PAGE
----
This article has multiple issues. Please help talk page. (Learn how and when to remove these template messages)( or discuss these issues on the Learn how and when to remove this template message)
|Initial release||February 29, 2008|
Cocos2d is an open source software framework. It can be used to build games, apps and other cross platform GUI based interactive programs. Cocos2d contains many branches with the best known being Cocos2d-objc, Cocos2d-x, Cocos2d-html5 and Cocos2d-XNA. There are some independent editors in the cocos2d community, such as those contributing in the areas of SpriteSheet editing, particle editing, font editing and Tilemap editing as well as world editors including SpriteBuilder and CocoStudio.
|Initial release||June 25, 2008|
3.5.0 / April 3, 2016
|Initial release||November 29, 2010|
All versions of Cocos2d work using the basic primitive known as a sprite. A sprite can be thought of as a simple 2D image, but can also be a container for other sprites. In Cocos2D, sprites are arranged together to form a scene, like a game level or a menu. Sprites can be manipulated in code based on events or actions or as part of animations. The sprites can be moved, rotated, scaled, have their image changed, etc.
Cocos2D provides basic animation primitives that can work on sprites using a set of actions and timers. They can be chained and composed together to form more complex animations. Most Cocos2D implementations let you manipulate the size, scale, position, and other effects of the sprite. Some versions of Cocos2D let you also animate particle effects, image filtering effects via shaders (warp, ripple, etc.).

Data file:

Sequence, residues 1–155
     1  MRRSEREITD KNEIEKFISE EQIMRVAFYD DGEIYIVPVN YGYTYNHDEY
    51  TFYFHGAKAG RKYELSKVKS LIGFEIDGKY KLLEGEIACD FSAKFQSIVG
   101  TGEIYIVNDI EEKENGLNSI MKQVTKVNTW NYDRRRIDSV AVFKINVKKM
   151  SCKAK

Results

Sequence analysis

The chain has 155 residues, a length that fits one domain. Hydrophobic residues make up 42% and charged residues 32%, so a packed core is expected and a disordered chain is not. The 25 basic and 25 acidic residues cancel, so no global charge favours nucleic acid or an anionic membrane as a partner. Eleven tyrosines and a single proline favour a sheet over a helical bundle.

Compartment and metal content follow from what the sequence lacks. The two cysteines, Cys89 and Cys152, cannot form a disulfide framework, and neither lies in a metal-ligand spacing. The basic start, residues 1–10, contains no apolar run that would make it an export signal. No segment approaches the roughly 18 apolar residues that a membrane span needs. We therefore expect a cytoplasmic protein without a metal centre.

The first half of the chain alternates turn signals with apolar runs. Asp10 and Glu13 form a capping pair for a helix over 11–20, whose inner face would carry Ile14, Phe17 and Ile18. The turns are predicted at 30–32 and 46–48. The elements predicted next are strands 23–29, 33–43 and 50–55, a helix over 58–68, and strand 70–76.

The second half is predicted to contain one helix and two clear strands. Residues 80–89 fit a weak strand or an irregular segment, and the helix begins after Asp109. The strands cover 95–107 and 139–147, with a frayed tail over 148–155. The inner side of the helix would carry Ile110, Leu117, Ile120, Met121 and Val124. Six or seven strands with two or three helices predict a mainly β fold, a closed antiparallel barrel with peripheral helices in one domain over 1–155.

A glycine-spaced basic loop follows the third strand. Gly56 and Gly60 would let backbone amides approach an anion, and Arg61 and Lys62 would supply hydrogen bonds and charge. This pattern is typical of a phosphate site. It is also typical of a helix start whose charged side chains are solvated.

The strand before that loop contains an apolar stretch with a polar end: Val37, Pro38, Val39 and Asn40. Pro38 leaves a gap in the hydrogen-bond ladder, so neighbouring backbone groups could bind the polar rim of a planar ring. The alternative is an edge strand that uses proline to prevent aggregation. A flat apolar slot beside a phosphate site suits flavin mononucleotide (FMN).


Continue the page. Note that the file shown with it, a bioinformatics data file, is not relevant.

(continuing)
Cocos2D provides primitives to representing common GUI elements in game scenes. This includes things like text boxes, labels, menus, buttons, and other common elements.
Various versions of Cocos2D have audio libraries that wrap OpenAL or other libraries to provide full audio capabilities. Features are dependent on the implementation of Cocos2D.
|Branch||Target Platform||API Language|
|Cocos2d||Windows, OS X, Linux||Python 2.6, 2.7 or 3.3+,Objective-C|
|Cocos2d-ObjC||iOS, Mac OS X, Android||Objective-C, Swift|
|Cocos2d-xna||Windows Phone 7 & 8, Windows 7 & 8, Xbox 360||C#|
This section does not cite any sources. (August 2014) (Learn how and when to remove this template message)
February 2008, in the town Los Cocos, near Córdoba, Argentina, Ricardo Quesada, a game developer, created a 2D game engine with several of his developer friends. They named it "Los Cocos" after its birthplace. A month later, the group released the version 0.1 and changed its name to "Cocos2d".
Shortly after, App Store was officially founded and Apple released the related SDK, a big number of developers were attracted and various apps and games got on iOS platform. In this year, Ricardo rewrote Cocos2d in Objective-C and released "Cocos2d for iPhone" v0.1, and that's the predecessor of the later Cocos2d family.
Cocos2d has been ported into various programming languages and to all kinds of platforms. Among them there were:
Also, the English designer Michael Heald designed a new logo for Cocos2d (the Cocos2d logo was previously a running coconut).
At the same time, Cocos2d developers accomplished the earliest peripheral tools - Zwoptex and Particle Designer. The latter allows developers to get the effect that used to cost them two hours within 15 minutes.
November 2010, a developer from China named Zhe Wang branched Cocos2d-x based on Cocos2d. Cocos2d-x is also an open source engine under MIT License, and it allows for compiling and running on multiple platforms with one code base.
In 2013, Ricardo Quesada left cocos2d-iPhone and joined in cocos2d-x team. In March 2017, Quesada was laid off from the Chukong company  In 2015, there are 4 cocos2d branches being actively maintained.
This section needs expansion. You can help by adding to it. (August 2014)
Manage research, learning and skills at defaultLogic. Create an account using LinkedIn or facebook to manage and organize your Digital Marketing and Technology knowledge. defaultLogic works like a shopping cart for information -- helping you to save, discuss and share.